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I will be teaching geometry for the first time ever this summer. I teach at a community college, and we only offer this course in the summer. (Mostly high school students take it, but it is a college course.)

I have just started to read the textbook we use: Elementary Geometry for College Students, by Alexander and Koeberlein. So far I am not impressed.

I would like to know of good textbooks others have used for such a course. Sadly, the only book I found that's OER is a photocopy.

ETA: Problems with the current textbook: It feels like a mish mash. I saw a definition that was incorrect. ("Adjacent angles have one corresponding side." Well, that would be true if one angle were inside the other, and I don't believe we call those adjacent.) I don't care for the two-column proofs, and the way they try to teach them. I don't see what the goal is when I work through this book. There are 'theorems' with no proof in sight. How do you prove things if you don't know what your starting point (the axioms) is?

My criteria for a good textbook: It will work with me to strengthen the students' visual reasoning skills. It will do a good job with construction. (I can do that on the side, though.) It will do undefined terms to axioms / postulates to proofs well. It will have a good flow / progression. It will inspire me and the students (fun and meaningful). For example, I mostly like what I see in James Tanton's book.

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    $\begingroup$ By "OER," do you mean open educational resource? $\endgroup$ – Joel Reyes Noche Feb 15 at 3:55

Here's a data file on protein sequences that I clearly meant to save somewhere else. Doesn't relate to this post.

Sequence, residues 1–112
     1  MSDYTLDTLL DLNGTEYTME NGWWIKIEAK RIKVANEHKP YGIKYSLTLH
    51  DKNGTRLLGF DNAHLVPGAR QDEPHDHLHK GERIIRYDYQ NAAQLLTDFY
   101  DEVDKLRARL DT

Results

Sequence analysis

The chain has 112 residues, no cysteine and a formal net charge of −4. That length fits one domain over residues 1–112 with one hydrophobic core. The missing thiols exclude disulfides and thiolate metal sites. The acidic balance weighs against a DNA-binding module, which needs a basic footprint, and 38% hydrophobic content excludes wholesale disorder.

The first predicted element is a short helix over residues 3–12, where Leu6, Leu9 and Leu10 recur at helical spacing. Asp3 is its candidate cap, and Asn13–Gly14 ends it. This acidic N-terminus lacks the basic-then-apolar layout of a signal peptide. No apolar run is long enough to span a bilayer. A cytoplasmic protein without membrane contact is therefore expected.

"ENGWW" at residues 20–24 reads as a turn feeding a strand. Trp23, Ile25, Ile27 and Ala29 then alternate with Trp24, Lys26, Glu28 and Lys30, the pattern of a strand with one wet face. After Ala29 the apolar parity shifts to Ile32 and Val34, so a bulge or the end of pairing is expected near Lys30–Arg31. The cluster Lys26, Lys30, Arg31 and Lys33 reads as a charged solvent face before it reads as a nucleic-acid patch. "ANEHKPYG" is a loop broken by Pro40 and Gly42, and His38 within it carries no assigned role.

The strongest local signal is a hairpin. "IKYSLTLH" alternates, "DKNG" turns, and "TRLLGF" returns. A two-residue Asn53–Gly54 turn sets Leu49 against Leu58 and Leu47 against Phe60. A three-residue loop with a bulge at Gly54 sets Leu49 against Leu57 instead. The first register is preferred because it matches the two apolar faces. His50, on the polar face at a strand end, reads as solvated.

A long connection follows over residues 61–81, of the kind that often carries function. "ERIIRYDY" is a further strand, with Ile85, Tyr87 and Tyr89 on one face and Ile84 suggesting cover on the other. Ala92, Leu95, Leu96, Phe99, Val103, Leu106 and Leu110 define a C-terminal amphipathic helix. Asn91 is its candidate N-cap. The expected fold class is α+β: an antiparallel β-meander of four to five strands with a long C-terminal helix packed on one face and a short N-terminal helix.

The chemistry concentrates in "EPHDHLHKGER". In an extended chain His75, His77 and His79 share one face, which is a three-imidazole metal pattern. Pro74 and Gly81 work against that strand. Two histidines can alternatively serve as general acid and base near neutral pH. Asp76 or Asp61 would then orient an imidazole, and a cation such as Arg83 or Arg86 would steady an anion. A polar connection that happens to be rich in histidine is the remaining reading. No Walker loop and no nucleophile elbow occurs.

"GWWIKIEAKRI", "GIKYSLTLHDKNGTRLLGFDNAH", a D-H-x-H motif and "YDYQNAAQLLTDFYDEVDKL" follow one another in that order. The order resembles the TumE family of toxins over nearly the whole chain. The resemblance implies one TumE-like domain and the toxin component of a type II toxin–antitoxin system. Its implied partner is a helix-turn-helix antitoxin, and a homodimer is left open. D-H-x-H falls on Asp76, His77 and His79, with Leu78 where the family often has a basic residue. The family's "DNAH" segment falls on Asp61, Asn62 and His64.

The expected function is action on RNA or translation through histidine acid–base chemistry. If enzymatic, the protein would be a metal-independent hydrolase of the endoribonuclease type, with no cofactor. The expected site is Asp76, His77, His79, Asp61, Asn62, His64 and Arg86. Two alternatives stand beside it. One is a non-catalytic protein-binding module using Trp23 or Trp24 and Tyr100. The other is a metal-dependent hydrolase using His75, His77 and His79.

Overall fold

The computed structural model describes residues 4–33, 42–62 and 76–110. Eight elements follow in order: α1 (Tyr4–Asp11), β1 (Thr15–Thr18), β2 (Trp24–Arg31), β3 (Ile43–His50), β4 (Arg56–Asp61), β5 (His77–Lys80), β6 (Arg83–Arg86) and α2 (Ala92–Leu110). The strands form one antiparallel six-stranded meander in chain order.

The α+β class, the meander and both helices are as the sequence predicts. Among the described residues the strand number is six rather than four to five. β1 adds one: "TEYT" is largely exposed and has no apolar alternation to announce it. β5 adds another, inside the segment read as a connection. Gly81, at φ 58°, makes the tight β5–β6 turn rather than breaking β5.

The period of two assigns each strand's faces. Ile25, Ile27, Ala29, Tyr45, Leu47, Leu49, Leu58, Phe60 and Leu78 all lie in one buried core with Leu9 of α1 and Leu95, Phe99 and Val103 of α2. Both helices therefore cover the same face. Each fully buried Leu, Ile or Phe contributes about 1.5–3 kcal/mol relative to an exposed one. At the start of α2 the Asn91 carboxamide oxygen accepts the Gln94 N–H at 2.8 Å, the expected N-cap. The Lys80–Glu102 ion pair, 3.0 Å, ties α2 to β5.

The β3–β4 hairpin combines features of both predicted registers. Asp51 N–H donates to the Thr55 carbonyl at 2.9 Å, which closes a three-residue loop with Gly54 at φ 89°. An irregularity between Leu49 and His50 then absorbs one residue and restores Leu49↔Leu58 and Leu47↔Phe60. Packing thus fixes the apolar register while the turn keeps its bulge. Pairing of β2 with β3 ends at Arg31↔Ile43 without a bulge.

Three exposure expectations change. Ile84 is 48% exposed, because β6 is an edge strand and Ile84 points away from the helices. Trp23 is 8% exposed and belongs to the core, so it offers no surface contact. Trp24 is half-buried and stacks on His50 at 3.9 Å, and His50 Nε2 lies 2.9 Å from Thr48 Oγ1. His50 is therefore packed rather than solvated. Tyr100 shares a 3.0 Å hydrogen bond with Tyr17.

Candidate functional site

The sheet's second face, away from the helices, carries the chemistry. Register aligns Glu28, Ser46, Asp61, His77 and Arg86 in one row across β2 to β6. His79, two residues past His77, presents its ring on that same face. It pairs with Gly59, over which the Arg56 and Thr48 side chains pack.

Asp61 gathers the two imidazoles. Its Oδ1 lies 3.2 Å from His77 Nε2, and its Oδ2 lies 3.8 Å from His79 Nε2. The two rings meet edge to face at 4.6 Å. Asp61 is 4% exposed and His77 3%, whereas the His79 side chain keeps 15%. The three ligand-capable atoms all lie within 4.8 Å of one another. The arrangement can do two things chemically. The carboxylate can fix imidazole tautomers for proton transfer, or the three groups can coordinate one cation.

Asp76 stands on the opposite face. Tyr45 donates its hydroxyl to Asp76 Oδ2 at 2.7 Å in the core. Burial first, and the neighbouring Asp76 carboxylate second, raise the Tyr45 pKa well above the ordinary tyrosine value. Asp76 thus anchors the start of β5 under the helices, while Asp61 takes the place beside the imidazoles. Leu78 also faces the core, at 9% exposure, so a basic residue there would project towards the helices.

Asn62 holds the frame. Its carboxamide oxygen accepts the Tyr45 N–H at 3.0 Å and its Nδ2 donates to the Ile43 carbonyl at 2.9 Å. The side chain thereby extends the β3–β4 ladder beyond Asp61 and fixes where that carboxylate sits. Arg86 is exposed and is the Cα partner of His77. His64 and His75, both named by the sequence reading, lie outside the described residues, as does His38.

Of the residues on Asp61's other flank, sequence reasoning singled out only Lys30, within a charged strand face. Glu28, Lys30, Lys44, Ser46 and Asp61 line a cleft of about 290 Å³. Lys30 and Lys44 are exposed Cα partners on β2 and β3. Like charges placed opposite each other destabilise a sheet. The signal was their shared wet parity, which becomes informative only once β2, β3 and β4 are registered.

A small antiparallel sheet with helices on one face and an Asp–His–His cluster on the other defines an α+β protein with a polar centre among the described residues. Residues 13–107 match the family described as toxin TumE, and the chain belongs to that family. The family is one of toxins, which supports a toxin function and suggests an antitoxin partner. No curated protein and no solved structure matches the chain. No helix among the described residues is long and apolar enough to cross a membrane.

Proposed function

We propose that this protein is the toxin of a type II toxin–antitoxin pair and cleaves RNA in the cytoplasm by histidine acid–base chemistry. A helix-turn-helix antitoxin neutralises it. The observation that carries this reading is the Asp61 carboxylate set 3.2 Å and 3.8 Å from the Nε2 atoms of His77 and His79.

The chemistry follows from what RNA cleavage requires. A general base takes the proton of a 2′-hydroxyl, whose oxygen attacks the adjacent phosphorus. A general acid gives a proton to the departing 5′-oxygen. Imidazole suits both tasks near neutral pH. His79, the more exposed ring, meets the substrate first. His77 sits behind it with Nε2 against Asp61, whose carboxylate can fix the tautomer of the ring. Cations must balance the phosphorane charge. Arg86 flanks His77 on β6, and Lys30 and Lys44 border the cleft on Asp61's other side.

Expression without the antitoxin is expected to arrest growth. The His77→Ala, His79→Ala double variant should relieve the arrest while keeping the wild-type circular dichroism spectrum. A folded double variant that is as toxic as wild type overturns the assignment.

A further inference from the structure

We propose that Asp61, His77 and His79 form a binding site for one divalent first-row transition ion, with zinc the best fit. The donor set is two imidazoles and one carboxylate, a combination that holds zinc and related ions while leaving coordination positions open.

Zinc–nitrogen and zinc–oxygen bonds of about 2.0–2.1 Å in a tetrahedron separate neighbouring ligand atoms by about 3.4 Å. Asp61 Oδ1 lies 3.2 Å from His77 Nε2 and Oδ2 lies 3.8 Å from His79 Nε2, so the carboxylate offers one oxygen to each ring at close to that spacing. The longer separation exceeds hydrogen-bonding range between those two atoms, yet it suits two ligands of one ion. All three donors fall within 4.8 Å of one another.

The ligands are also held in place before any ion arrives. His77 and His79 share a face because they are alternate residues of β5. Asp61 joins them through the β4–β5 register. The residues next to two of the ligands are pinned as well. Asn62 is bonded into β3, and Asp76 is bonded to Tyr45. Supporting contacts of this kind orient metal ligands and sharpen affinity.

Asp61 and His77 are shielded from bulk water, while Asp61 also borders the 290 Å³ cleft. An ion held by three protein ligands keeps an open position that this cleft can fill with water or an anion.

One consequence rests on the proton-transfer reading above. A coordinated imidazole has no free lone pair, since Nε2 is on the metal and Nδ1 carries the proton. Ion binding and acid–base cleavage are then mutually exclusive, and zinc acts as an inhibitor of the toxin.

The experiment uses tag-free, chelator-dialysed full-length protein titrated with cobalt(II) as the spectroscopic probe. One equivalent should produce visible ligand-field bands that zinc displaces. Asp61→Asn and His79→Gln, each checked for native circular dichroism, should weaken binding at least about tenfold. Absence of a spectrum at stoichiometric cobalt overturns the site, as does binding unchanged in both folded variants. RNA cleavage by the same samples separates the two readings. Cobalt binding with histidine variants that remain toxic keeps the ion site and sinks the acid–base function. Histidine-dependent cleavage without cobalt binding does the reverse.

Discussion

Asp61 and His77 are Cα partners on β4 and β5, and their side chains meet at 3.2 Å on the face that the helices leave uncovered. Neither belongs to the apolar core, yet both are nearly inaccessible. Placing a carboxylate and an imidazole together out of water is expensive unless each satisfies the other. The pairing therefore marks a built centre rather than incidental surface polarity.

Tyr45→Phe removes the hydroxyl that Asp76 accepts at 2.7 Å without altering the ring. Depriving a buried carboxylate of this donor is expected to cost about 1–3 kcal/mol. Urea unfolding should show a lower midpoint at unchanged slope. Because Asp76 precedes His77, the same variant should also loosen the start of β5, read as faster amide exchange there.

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    $\begingroup$ It would be helpful to know what context "geometry" is meant to entail. The word is quite broad. $\endgroup$ – Dan Fox Feb 15 at 20:37
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    $\begingroup$ Yes, OER = Open Educational Resource. I believe the content is similar to a high school course. (Although my high school geometry course was 45 years ago.) No, I don't believe we can use high school textbooks. (Silly, huh?) $\endgroup$ – Sue VanHattum Feb 16 at 4:38
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    $\begingroup$ It would help if you could describe what your criteria are and what you don't like about the book your school is currently using. Presumably someone likes this book -- at least the people at your school who originally adopted it. Do you want to emphasize proofs? It's hard to know what to say about remedial courses at community colleges, because they have such incredibly low success rates. Personally what I didn't like about my kids' high school geometry books was that they took the beautiful simplicity of Euclid and replaced it with a baroque crap collection. $\endgroup$ – Ben Crowell Feb 17 at 1:08
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    $\begingroup$ What I don't like: Yeah, baroque crap collection kind of captures it. It feels like a mish mash. I saw a definition that was incorrect. ("Adjacent angles have one corresponding side." Well, that would be true if one angle were inside the other, and I bet we don't call those adjacent.) I don't care for the two-column proofs. I don't see what the goal is when I work through this book. There are 'theorems' with no proof in sight. How do you prove things if you don't know what your starting point (axioms) is? Does that help? $\endgroup$ – Sue VanHattum Feb 17 at 20:45
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@BPP answered in a comment. Their answer suggested two Dover books:

College Geometry: An Introduction to the Modern Geometry of the Triangle and the Circle, by Nathan Altshiller-Court

and

Geometry: A Comprehensive Course, by Dan Pedoe

Dover does not do the common publisher scam of new editions every few years, and their books are inexpensive. Not OER, but way less burden on my students.